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Suppose $X, Y$ are two independent non-negative random variables. The conditions

(i) $\mathbb{P}(X > t) = \frac{C}{t^p} + o(t^{-p})$

(ii) $\mathbb{P}(Y > t) = o(t^{-q})$ for any $q > 0$

imply

(iii) $\mathbb{P}(XY > t) = \frac{C \mathbb{E}[Y^p]}{t^p} + o(t^{-p})$.

(Of course here I am talking about the asymptotic behaviour as $t \to \infty$ and $p > 0$.)

My question concerns a converse of this statement: if I know (ii) and (iii), does that imply (i)?

(While I would very much love to see that this is true, I have the impression that this claim is false but just haven't come up with a counter-example.)

I am aware that the converse holds at the exponential level, i.e. $$ \lim_{t \to \infty} \frac{\log \mathbb{P}(X > t)}{\log t} = -p.$$

One may consider random variable $Y$ with a density (which is sufficient for my purpose) if that helps. In case a counter-example for the "full" converse can be found, I would like to know if the "full" converse can still hold when (a) $Y$ is a lognormal random variable or slightly more generally (b) $Y$ has a tail upper bounded by that of some lognormal.

Update: to clarify, $Y$ is a given random variable, the distribution of which is hence given and cannot be chosen freely. In particular $Y$ is not a constant (otherwise the converse is trivially true unless $Y = 0$ a.s., in which case the converse is trivially false).

Update 2: if a counter-example is found (in the case where $Y$ has density), I will be interested to see if there is some way to save the claim by strengthening the assumption slightly.

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  • $\begingroup$ @MateuszKwaśnicki I may not have made it clear enough but what I mean is that $Y$ is some given random variable that you don't get to choose. (Of course condition (ii) implies $\mathbb{E}[Y^p] < \infty$ so you can always rewrite a constant $C$ as the product of $\mathbb{E}[Y^p]$ and a new constant $C'$. $\endgroup$ – random_person Jan 15 at 21:23
  • $\begingroup$ Yes, I noticed that just after pressing the "Add Comment" button... $\endgroup$ – Mateusz Kwaśnicki Jan 15 at 21:41
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For every $a > 0$ we have $$ \mathbb{P}(XY>at) \geqslant \mathbb{P}(X>t)\mathbb{P}(Y>a) , $$ and therefore (with $D = C \, \mathbb{E}(Y^p)$) $$ \mathbb{P}(X > t) \leqslant \frac{\mathbb{P}(XY>a t)}{\mathbb{P}(Y>a)} = \frac{D}{t^p} + o(t^{-p}) .$$ That is, $\mathbb{P}(X>t) = O(t^{-p})$. However, $\mathbb{P}(X>t)$ need not be asymptotic with $C t^{-p}$.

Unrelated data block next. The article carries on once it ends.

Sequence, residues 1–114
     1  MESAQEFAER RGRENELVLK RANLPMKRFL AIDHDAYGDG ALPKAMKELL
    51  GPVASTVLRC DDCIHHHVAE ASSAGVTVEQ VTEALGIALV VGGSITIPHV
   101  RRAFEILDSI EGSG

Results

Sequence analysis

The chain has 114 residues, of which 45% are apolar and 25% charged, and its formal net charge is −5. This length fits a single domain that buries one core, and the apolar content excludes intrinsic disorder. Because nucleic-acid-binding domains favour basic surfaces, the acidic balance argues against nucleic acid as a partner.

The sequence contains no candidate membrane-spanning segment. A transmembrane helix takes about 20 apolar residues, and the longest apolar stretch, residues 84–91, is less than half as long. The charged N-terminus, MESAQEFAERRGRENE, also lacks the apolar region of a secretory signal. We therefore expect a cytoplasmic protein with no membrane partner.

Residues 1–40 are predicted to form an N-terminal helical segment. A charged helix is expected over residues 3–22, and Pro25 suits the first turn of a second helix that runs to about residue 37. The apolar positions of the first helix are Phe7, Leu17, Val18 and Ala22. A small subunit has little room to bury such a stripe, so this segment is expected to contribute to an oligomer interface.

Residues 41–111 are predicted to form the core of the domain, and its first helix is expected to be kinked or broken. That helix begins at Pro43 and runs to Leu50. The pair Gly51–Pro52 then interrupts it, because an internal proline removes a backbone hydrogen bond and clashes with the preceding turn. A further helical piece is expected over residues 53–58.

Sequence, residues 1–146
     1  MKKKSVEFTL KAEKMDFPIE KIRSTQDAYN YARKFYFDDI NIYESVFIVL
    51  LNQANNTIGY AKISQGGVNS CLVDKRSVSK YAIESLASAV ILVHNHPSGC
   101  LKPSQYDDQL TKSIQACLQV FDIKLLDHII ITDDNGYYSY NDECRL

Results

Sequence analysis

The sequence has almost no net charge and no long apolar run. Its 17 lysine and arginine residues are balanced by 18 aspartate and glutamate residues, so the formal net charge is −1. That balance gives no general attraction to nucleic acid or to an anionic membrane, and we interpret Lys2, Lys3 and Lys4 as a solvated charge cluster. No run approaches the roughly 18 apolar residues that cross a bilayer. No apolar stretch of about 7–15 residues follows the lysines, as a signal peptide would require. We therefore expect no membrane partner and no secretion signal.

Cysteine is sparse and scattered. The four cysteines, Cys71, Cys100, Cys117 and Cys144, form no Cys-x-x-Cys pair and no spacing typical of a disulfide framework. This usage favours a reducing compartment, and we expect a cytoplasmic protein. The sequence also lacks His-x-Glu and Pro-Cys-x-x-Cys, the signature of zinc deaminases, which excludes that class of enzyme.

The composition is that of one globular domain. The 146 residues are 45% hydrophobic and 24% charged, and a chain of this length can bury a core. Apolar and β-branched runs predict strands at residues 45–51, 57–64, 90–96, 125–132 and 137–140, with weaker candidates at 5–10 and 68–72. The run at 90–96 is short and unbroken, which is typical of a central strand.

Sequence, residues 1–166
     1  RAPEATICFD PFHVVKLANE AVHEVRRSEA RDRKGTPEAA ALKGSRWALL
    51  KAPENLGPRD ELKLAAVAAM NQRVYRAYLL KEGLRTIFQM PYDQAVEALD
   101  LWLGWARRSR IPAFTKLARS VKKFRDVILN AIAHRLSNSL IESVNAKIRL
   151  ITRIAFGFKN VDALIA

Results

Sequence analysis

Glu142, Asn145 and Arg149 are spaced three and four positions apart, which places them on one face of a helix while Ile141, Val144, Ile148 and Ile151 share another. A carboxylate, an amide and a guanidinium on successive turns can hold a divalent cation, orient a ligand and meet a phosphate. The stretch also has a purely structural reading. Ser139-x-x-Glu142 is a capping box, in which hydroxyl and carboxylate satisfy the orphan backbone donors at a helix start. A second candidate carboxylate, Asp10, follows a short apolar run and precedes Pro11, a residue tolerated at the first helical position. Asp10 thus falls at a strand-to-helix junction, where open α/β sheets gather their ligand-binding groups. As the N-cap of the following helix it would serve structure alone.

Consider the following example. Let $X$ be a discrete random variable such that $\mathbb{P}(X = 2^{n/p}) = 2^{-n}$ for $n = 1, 2, \ldots\,$ Then $$ \mathbb{P}(X > 2^{n/p}) = 2^{-n} = (2^{n/p})^{-p} ,$$ but $$ \mathbb{P}(X \geqslant 2^{n/p}) = 2^{1-n} = 2 \times (2^{n/p})^{-p} .$$ It follows that $\mathbb{P}(X \geqslant t)$ oscillates between $t^{-p}$ and $2 t^{-p}$.

Now let $Y$ have an absolutely continuous distribution on $[2^{-1/p}, 1]$, with density $p t^{-1-p}$. Then it is quite easy to see that $X Y$ is absolutely continuous on $[1, \infty)$ with density function $p t^{-1-p}$. Thus, $$P(X Y > t) = t^{-p} = t^{-p} + o(t^-p),$$ as desired.


This example shows that the answer to your additional question (b) is negative, too: $Y$ has compact support, and so the tail of $Y$ is bounded by the tail of log-normal distribution.


It is easier to understand the above example when one writes $A = \log X$, $B = \log Y$, so that $\log(X Y) = A + B$. We assume that $\mathbb{P}(A + B > t) = D e^{-p t} + o(e^{-p t})$ and $\mathbb{P}(B > t) = o(e^{-q t})$ for every $q > 0$, and ask whether $\mathbb{P}(A > t) = C e^{-p t} + o(e^{-p t})$. In the counterexample, we take $A$ geometrically distributed on positive integers, and $B$ with exponential density function on $[-1, 0]$. The sum $A + B$ therefore has the usual exponential distribution.

This sheds some light on your additional question (a), where $Y$ has a log-normal distribution, that is, $B$ is normally distributed. A positive answer would therefore follow from a Karamata-type theory for rapidly decaying functions. There's a whole section on these in the Bingham–Goldie–Teugels book on regular variation, but I have never read it. Time permits, I will do that later and update the answer.

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